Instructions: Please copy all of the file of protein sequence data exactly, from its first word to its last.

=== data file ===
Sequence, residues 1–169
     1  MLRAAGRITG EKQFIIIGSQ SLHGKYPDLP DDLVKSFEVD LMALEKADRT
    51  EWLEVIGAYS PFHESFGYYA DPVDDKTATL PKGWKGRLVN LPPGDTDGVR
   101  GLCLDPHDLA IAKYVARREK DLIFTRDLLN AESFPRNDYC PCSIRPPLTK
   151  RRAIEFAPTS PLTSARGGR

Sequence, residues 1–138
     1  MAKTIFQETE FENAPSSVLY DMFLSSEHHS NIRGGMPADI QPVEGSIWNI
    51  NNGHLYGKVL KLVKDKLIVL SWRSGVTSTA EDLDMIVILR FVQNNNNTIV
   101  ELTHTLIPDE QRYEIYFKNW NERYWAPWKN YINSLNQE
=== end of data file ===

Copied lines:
Sequence, residues 1–169
     1  MLRAAGRITG EKQFIIIGSQ SLHGKYPDLP DDLVKSFEVD LMALEKADRT
    51  EWLEVIGAYS PFHESFGYYA DPVDDKTATL PKGWKGRLVN LPPGDTDGVR
   101  GLCLDPHDLA IAKYVARREK DLIFTRDLLN AESFPRNDYC PCSIRPPLTK
   151  RRAIEFAPTS PLTSARGGR

Sequence, residues 1–138
     1  MAKTIFQETE FENAPSSVLY DMFLSSEHHS NIRGGMPADI QPVEGSIWNI
    51  NNGHLYGKVL KLVKDKLIVL SWRSGVTSTA EDLDMIVILR FVQNNNNTIV
   101  ELTHTLIPDE QRYEIYFKNW NERYWAPWKN YINSLNQE